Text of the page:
A unionized public employee, a member of the Tea Party and a CEO are sitting at a table. In the middle of the table there is a plate with a dozen cookies on it. The CEO reaches across and takes 11 cookies, then looks at the tea partier and says, "Look out for that union guy – he wants your cookie."

(I think that joke captures the bulk of the left and right blogospheres, and forty years of movement conservatism, but more on that in another post, perhaps.)

Supposedly, Netroots included a non-compete clause when bidding for their new location (Providence, Rhode Island for 2012), so if that holds, Right Online will have to try to steal attention from Netroots in a different city.

There wasn't much coverage of Netroots Nation in the media, which is really inexcusable, since it's arguably the major liberal/progressive event of the year (certainly one of them, this being another), and comparative right-wing gatherings get coverage even by non-Fox outlets. David Neiwert wrote a piece about this for Crooks and Liars, and noted that the Twin Cities' paper, the Star Tribune (admittedly a generally lousy paper) wrote two fairly positive pieces on Right Online, but only devoted one paragraph to Netroots Nation. (Dave Weigel of Slate did write some pieces on both conferences, which start here – you can then scroll through the "next" tab.) Andrew Breitbart tried to crash Netroots Nation, which is apparently an annual occurrence, and was chased off. Naturally, this was videotaped. This incident was much discussed at Netroots, particularly at the excellent Media, Comedy and Activism panel. While Breitbart is a liar, provocateur and an immense asshole, I agreed with the panelists that shouting at him was the wrong way to handle the situation, and just looked bad to people who didn't know Breitbart. (It's that old saying, "Never argue with a fool, because people might not be able to tell the difference.") An angry reaction was exactly what Breitbart wanted. Being polite, or being comedic (Lizz Winstead had some good ideas), would have been far more effective.

As for other events, the Laughing Liberally comedy show was pretty good. Elon James White (of the fun Blacking It Up podcast, and This Week in Blackness) had the most off-color material but the best delivery. He was also a friendly guy. I missed the karaoke and the political quiz events.

The booths at the conference offered plenty of buttons and stickers. I also got a book autographed by Tom Tomorrow. I've cited pieces by the Center for Budget and Policy Priorities (CBPP) and the Center for Media and Democracy/PR Watch in the past, and both had booths, staffed by very friendly people who were happy to hear their material was being used. The Fair Tax folks were there, too, trying to hoodwink liberals into backing their atrocious, plutocratic plan. I did take their literature, because I always like to see how people are selling their bullshit, but passed on an extensive discussion. Teachers, manufacturing and unions were well represented.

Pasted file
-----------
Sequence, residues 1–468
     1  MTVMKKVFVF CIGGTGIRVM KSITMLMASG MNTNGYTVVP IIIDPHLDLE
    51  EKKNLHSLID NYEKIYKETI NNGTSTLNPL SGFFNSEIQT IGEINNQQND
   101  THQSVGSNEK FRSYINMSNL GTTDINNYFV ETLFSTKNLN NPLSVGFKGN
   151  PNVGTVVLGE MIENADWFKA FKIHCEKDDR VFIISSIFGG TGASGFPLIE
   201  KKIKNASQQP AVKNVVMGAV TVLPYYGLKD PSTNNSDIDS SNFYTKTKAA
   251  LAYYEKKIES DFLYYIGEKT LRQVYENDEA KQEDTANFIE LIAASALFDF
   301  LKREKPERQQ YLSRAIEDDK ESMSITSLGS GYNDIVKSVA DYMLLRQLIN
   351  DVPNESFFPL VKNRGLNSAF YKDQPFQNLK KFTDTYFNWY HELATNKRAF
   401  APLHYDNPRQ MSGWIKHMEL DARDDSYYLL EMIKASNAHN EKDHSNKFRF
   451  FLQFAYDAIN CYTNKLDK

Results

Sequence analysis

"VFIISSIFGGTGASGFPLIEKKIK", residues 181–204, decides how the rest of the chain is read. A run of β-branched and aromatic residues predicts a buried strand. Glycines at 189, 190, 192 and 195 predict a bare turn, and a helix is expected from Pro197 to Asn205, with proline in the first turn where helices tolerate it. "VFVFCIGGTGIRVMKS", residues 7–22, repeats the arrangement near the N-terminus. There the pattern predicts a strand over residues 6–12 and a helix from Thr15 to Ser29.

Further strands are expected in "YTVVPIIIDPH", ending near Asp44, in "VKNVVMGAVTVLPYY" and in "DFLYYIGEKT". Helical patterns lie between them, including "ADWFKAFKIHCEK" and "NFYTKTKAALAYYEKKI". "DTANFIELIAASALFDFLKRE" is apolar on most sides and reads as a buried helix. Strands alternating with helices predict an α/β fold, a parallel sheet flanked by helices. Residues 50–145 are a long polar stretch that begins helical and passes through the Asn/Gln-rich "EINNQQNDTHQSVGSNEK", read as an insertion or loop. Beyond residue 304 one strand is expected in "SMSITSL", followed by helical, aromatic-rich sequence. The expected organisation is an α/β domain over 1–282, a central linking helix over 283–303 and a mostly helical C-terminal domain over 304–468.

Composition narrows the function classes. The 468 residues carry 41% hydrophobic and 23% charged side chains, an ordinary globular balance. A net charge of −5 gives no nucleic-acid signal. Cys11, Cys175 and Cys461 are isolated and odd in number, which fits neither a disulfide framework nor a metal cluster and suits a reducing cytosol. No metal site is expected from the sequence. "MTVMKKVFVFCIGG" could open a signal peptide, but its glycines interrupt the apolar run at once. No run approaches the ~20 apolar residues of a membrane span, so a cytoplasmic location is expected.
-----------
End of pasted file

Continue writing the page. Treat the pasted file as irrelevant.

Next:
My badge just showed my first name, not my pseudonym/nom de blog, although I would mention that to people as appropriate. If I ever attend another Netroots, I might go with the pseudonym. I'm a part-time blogger and have had to blog even less than usual this year, so I figured I was fairly under the radar, known in some circles, but very far from "blog famous" – which is itself several grades lower than actual fame. In any case, I was largely anonymous at Netroots. I found most people were very friendly, but some were surprisingly standoffish, even after receiving a compliment like, "good panel." I'm sure bloggers suffer from social awkwardness more than ordinary mortals, some activists can be single-minded, but some people gave the vibe, "if you're not famous, I'm not interested." This is familiar to anyone living in Hollywood-land (and you can find it anywhere, to some degree). However, most people were nice.

One of my excuses to go to Netroots Nation was the number of college friends I have in Minnesota that I hadn't seen in person for years. I flew out a day early and stayed fairly late on Sunday to catch up with a few of them. (I also visited the Walker Art Center and Sculpture Garden.) There was a sizable California contingent at Netroots, so I saw some familiar faces, especially the prolific and amiable David Dayen. I'm sorry I missed the Balloon Juice meet-up, but there wasn't much advance notice. However, it was lovely to meet Blue Gal and Driftglass, and a number of other bloggers in person for the first time. Blue Gal and Driftglass' podcast reflecting on Netroots Nation is here, and they also did three short pieces while at Netroots itself. But surely most readers of this blog are already regular listeners of BG/DG's Professional Left podcast. In any case, seeing friends old and new was the best part of my trip.

That's it for now. Peace, art, activism, and happy blogging.

Saturday, June 25, 2011

Peter Falk (1927–2011)

Peter Falk has died at the age of 83. It was hard not to like Peter Falk on screen. As the "rumpled detective" Lieutenant Columbo, he was understated, humble and sly. This was a conscious decision by Falk, who suggested that when he'd arrive at a crime scene, rather than all the other cops making way for the great detective, they'd basically ignore this nondescript guy. Similarly, Columbo managed to slowly worm out information from his suspects by making them underestimate him. PBS did a nice little remembrance of Falk, and it's striking and amusing to see the contrast between Falk's style and Shatner hamming it up:

As my dad used to say, if the villains had just shut up, they'd be fine, but Columbo always got them talking.

Falk was a good serious actor (check him out in John Cassavetes' film Husbands), but he really excelled in roles where he could exercise his deanpan sense of humor and sly sense of fun ("Just one more thing..."). Columbo was perfect for this, with the character taking subtle delight every time he was underestimated. Falk was also great in the uneven but occasionally hilarious comedies Murder By Death and The Cheap Detective. Meanwhile, there's his small but key role in Wings of Desire, and his perfectly cast, iconic performance in that wonderful movie, The Princess Bride:

(The clip inexplicably cuts out Falk's next line.)

The Grandson: A book?

Grandpa: That's right. When I was your age, television was called books. And this is a special book. It was the book my father used to read to me when I was sick, and I used to read it to your father. And today I'm gonna read it to you.

The Grandson: Has it got any sports in it?

Grandpa: Are you kidding? Fencing, fighting, torture, revenge, giants, monsters, chases, escapes, true love, miracles...

The Grandson: Doesn't sound too bad. I'll try to stay awake.